This situation is not new; overproduction of PhDs has a long history in this country. I am going to confine myself to a discussion of the biomedical sciences, since I know this area best. However, I would imagine that similar issues prevail in other areas of science PhD training. In 1998 the American Society of Cell Biology undertook a study of career prospects and patterns for biomedical scientists (2). This report delineated increasing levels of frustration and disappointment among young biomedical scientists. Some of the causative factors mentioned were (a) the need to spend many years in postdoctoral positions before finding a ‘real job’ in academia or industry (b) the difficulty in obtaining independent funding (c) the uncertainty associated with this career path. Going forward, an analysis by the National Institutes of Health in 2000 (3) stated “There should be no growth in the aggregate number of Ph.D.s awarded in the basic biomedical sciences “. This was based on an estimate that while about 1,500 to 3,000 new biomedical PhDs would be needed each year to meet employment demands, the annual biomedical PhD output (in 2000) was close to 5,400. Despite these concerns, the pace of PhD production continues to increase. In 2007-08 the Council of Graduate Schools indicated that 5,040 PhDs were awarded in the health sciences as well as 6,749 in the biological and agricultural sciences (some of which are likely biomedical-related)(4). The consequence of this failure of policy and planning was poignantly illustrated in a recent article in Nature that described the complete loss of funding by two previously successful PhDs (5). In an accompanying editorial (6) Nature comments “too many scientists chase an all-too-finite supply of jobs and money “ and the result is “The process ceases to select for only the very best young scientists, and instead starts to drive many of the smartest students out of research entirely. They realize that the risks outweigh the benefits in science and choose alternative careers.“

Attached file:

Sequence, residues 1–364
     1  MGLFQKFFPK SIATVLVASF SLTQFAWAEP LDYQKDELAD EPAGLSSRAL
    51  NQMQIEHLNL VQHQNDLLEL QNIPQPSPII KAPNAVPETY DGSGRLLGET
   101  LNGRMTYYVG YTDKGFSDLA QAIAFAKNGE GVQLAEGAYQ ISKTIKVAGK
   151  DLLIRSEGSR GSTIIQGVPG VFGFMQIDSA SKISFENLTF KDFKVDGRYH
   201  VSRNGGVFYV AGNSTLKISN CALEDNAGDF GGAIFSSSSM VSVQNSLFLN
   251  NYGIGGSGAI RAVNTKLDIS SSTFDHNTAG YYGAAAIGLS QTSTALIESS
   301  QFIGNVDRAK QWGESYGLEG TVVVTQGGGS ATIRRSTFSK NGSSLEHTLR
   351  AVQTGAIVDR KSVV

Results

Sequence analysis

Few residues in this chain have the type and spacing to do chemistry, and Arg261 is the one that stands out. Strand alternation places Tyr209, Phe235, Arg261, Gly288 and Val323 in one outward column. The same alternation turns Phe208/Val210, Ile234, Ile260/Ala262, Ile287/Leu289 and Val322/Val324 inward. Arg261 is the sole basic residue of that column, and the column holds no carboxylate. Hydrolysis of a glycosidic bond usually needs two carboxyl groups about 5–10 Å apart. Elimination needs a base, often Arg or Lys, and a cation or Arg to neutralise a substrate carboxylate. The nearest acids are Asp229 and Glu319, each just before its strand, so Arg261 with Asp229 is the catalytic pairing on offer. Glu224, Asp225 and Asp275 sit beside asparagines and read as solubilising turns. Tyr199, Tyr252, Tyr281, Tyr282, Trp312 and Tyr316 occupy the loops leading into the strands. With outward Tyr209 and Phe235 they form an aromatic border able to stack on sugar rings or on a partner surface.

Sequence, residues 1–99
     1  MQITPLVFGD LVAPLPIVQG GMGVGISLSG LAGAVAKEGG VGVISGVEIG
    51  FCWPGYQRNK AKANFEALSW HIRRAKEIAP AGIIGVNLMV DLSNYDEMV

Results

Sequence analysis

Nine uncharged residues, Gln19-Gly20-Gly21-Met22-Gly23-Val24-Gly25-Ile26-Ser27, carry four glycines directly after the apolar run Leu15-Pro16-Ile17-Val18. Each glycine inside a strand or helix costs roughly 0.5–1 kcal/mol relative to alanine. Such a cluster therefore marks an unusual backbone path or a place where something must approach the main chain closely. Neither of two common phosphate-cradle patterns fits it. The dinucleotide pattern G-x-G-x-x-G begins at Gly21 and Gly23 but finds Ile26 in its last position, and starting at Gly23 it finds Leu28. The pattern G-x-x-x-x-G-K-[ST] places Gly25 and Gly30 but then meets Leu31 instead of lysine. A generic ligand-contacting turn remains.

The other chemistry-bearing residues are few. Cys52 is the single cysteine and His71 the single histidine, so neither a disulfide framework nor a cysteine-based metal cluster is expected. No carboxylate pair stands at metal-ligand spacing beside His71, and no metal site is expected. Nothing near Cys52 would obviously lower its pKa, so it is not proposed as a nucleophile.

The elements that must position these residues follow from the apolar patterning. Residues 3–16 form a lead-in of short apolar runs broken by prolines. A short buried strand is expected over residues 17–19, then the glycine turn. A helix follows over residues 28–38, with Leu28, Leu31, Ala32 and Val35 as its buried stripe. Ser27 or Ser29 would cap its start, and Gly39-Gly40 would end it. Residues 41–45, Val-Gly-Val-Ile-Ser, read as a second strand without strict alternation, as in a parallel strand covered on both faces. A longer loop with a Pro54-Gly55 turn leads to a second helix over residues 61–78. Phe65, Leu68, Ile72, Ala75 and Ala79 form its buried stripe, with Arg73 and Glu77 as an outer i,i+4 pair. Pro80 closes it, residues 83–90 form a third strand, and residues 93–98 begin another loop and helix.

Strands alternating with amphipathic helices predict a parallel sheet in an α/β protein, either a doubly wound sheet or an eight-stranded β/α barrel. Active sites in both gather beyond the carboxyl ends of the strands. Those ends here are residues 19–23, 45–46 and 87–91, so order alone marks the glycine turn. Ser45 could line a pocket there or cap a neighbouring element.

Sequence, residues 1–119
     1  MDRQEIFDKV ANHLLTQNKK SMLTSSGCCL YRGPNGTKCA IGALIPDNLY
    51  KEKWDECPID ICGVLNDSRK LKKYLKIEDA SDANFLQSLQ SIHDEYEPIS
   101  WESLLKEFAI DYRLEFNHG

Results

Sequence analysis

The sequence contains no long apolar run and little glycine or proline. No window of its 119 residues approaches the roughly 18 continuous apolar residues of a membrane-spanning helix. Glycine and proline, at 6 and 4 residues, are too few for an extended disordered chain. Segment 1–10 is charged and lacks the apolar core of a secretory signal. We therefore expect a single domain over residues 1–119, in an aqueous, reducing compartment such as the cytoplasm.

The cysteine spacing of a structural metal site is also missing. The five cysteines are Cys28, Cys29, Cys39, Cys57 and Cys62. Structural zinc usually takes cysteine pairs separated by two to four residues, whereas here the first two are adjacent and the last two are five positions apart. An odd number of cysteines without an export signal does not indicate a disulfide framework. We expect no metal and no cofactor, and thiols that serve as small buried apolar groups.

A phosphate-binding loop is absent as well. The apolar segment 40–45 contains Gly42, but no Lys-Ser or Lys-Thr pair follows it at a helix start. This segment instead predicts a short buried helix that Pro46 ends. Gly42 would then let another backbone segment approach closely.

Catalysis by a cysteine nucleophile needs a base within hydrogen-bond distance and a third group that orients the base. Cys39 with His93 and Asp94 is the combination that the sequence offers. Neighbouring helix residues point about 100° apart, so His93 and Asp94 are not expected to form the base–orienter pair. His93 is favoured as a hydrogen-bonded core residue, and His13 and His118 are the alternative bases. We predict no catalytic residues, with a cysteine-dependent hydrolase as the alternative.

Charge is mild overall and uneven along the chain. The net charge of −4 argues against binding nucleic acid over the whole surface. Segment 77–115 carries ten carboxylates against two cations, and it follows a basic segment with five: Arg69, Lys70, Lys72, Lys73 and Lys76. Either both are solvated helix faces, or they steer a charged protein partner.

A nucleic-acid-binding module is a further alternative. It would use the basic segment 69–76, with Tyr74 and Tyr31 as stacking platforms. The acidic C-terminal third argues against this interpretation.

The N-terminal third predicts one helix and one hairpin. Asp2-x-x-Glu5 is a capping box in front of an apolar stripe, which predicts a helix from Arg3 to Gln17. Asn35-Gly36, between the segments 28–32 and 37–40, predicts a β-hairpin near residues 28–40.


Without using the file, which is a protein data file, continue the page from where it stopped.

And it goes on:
What drives this heedless increase in PhD production? Most likely it is the very nature of current ultra-competitive biomedical research combined with an outmoded approach to faculty advancement prevalent in universities. In an insightful analysis Freeman et al (7) suggest that scientific research fits a ‘tournament’ economic model where small differences in productivity translate into large differences in recognition and reward (e.g. think of getting ‘scooped’ just as you are about to publish a major finding). This leads senior investigators (PIs) to build up their labs with as many students and postdocs as possible irrespective of whether this is really beneficial to the trainees. As Freeman et al state ” If encouraging graduate students and postdocs to specialize narrowly helps PIs win the research tournament, this will occur even if alternative forms of training, or leaving the lab sooner, might better serve the students and postdocs.“ Almost every senior scientist (including me) has ‘burned’ students or postdocs in seeking to solve a particularly demanding research problem.